The organizer behind a mural that sparked months of discussions with the City of Victoria about censorship says she’s disappointed the mural is being altered.
“We are in the midst of erasing, erasing lived experiences and people’s voices, and also an artist’s work. It’s disappointing. But this is also a step forward,” said Charity Williams.
The mural, painted in August, spells out More Justice, More Peace and has been the center of discussion after Victoria Police Chief Del Manak opposed the acronym ACAB – which stands for All Cops Are Bastards – that was included in one letter.
On Wednesday a group of artists came together to black out the letter that included the acronym. To replace ‘ACAB’ there are now three eagle feathers. The phrase: “This letter has been censored by the City of Victoria influenced by the Victoria Police Department. In doing so, Victoria is contributing to the silencing of Black and Indigenous voices and experiences across this land,” is also to be added.
Williams said she hopes that when people see the mural, they’ll “see the void in justice” and see that justice wasn’t served in this case.
“We can have as many discussions as we want, but that’s what happened. And that’s something that happens over and over and over again, BIPOC voices get silenced when it’s something that folks aren’t comfortable with,” she said.
Earlier this month, Victoria council voted to remove the acronym after a motion brought forward by Coun. Charlayne Thornton-Joe. After a lengthy debate, it was determined that the acronym would be removed but would be replaced with someone to acknowledge the artist’s experience.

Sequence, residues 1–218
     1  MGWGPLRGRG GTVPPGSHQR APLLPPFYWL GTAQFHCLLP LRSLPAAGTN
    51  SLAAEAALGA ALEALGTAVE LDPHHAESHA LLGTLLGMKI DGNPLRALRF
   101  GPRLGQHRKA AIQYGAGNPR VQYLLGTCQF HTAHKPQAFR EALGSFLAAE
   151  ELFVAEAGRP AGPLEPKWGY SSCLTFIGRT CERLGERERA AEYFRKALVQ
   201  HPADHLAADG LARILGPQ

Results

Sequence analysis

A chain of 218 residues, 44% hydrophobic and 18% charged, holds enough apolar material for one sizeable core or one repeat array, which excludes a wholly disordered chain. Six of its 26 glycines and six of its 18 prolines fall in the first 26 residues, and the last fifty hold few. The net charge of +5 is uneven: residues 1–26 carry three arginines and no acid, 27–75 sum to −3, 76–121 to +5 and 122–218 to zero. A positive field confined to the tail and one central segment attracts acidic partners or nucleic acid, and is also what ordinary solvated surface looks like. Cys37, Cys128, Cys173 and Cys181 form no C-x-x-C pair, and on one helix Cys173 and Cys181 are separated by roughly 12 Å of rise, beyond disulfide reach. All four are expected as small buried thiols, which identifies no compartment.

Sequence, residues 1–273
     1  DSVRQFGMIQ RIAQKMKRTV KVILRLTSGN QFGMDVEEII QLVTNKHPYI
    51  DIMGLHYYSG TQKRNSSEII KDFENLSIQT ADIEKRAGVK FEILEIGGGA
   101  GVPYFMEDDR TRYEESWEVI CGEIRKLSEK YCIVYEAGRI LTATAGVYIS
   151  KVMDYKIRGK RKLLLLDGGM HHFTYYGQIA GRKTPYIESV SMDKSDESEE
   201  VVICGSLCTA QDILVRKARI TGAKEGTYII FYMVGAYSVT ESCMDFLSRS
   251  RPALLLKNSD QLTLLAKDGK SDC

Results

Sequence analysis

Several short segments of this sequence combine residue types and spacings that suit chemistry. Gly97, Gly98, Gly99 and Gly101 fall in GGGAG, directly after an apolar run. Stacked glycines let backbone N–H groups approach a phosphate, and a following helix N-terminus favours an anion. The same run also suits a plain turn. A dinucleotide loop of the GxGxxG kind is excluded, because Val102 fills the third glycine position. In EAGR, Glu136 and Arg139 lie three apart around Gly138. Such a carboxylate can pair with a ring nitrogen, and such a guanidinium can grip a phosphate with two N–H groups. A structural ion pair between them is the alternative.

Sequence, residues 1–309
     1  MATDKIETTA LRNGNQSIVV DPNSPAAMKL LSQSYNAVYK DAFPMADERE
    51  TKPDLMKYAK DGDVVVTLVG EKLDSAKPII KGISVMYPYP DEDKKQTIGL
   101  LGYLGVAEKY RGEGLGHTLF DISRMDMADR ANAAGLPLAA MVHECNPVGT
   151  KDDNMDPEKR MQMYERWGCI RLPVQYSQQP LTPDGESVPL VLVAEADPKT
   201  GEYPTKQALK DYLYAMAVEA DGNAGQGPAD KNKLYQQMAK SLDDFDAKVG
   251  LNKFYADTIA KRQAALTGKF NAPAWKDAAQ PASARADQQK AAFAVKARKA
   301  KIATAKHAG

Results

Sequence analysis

Thorton-Joe said she wasn’t happy with the new changes and was considering bringing forward another motion that would ask council to remove the amended mural.
“As a visible minority, I have encountered racism many times in my life but I’ve always said that I don’t condone discrimination of any kind,” she said on Thursday morning. “I don’t think we can pick and choose what we discriminate against.”
City manager Jocelyn Jenkyns said the changes to the mural are an “honest representation of the artist’s experience,” adding that moving forward she believes the “important message of this mural will continue to inspire conversations.”
VicPD’s community engagement division said the department didn’t feel it would be appropriate to comment until the new letter is completed – “out of respect for the process.”
In August, Manak issued a statement saying that he fully supported the spirit of behind the mural but that by excluding one group through harmful words seemed to “counter the very spirit of the mural itself.”
VicPD was not included in the discussions between the city and the artists.